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Yesterday, I was interviewed by Daniela Laurel to expound on the bakuna bubble. She asked for my thoughts as to when would be the perfect time to implement mobility restrictions for unvaccinated individuals. First of all, I believe that there will never be an opportunity for us to just wait for the right time to act given the presence of the highly-infectious Delta variant. Right now, we have to be proactive and start thinking of how to approach this ever-changing situation, but at the same time, we cannot simply let our economy stall in the goal of protecting the public from the virus. If you take a look at the statements of WHO, I think that they do not understand what we are trying to say. Without thinking of any different solution, then it will be harder for us to vaccinate a greater number of people given the current trend in the rising number of cases.
I told her in our recent town hall discussion that both the OCTA research group and Dr. John Wong believe that the minimum percentage of individuals getting vaccinated must actually be higher than 90 percent for us to attain herd immunity, with adjustments from the Delta variant.
In a bakuna bubble, we need to look at families and businesses as micro-groups since they intersect together in terms of interaction and mobility. The goal is to have them fully vaccinated so they have protection from COVID-19. Aside from achieving a hundred percent vaccination of our family members and employees in businesses, each bubble should have their own strict health and safety protocols to enforce, including COVID-19 testing after each family member or employee leaves their own ‘bubble’ to go out to see other people. Similarly, for the entire Philippines to achieve higher vaccination rates, these micro-groups must likewise cooperate in fully vaccinating their members. That mentality must be present in the minds of those in that micro bubble. Restrictions for our employees, and for those who will enter our premises, are forms of strengthening the protection from the bubbles. That is the concept we are trying to implement. However, I agree that this is not a foolproof idea, but still, it can help us convince people to get vaccinated, so that even if breakthrough infections happen, at most, fully-vaccinated individuals will not go straight to hospitals due to severe infections.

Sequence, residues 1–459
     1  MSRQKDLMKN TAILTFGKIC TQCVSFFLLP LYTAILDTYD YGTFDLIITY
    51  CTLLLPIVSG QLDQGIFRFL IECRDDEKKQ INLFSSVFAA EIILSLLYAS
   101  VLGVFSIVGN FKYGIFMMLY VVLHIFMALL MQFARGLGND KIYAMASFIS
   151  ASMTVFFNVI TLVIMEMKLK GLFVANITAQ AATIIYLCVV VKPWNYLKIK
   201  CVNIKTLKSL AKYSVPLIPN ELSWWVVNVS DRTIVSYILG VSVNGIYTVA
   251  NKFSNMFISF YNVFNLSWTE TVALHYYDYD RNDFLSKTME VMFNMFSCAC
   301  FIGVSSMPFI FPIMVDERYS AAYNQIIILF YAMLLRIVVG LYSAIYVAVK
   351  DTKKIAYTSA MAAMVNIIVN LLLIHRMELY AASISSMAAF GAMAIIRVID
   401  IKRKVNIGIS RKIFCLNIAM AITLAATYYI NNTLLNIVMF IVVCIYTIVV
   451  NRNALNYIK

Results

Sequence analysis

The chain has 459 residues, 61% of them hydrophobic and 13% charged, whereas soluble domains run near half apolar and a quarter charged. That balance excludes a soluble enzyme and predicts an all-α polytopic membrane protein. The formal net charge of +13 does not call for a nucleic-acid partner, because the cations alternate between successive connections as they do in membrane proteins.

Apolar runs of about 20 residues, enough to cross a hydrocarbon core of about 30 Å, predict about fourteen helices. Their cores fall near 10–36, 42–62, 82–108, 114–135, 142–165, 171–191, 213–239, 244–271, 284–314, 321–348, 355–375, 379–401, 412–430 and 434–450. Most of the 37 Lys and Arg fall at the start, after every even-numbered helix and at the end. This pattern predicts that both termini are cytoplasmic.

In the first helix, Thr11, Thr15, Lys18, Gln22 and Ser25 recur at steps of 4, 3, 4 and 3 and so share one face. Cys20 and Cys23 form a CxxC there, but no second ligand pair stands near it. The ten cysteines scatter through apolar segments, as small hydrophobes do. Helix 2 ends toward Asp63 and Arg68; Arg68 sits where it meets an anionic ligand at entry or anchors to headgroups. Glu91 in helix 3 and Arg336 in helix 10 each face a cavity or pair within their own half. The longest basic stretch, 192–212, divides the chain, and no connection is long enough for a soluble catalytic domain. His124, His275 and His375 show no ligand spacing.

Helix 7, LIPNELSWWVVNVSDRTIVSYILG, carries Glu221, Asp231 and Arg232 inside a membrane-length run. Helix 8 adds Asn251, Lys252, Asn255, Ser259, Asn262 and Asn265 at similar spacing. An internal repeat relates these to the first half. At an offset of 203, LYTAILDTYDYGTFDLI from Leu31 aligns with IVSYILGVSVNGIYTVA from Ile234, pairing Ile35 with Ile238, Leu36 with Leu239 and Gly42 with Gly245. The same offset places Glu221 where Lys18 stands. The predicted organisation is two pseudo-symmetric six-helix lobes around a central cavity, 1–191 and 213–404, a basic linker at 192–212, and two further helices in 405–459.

I also explained to her that the concept of bakuna bubble encourages families and companies to try, at the very least, to achieve micro-herd immunity at their levels. Our homes are where micro-herd immunity should start. For example, my own bubble is my family: my wife, my children, and our kasambahays, as well as our extended family members. That bubble should aim to achieve 100 percent full vaccination. In workplaces, these are our employees. Hence, these micro-groups are very important. If you fail in attaining complete vaccination at those levels, we will fail to attain countrywide herd immunity.
With this, the transportation sector is conducting a study on how to bridge the gap between homes and workplaces to maintain the protective bubble we are batting for. For us to achieve herd immunity at the national level, small pockets of such protection in various areas, through micro-herd immunity, are prerequisites. With the presence of the Delta variant and its high infection rate, we need to go beyond achieving a 70 percent fully-vaccinated population before we hit the optimum level of herd immunity across the country.
Daniela asked me to specify what restrictions I am proposing for the unvaccinated. I told her that the unvaccinated may still be allowed entry to malls and other areas, but not in high-risk establishments where it is inevitable, for instance, to take off our masks, like in restaurants, spa, and gyms. This is a reasonable limitation to protect everyone.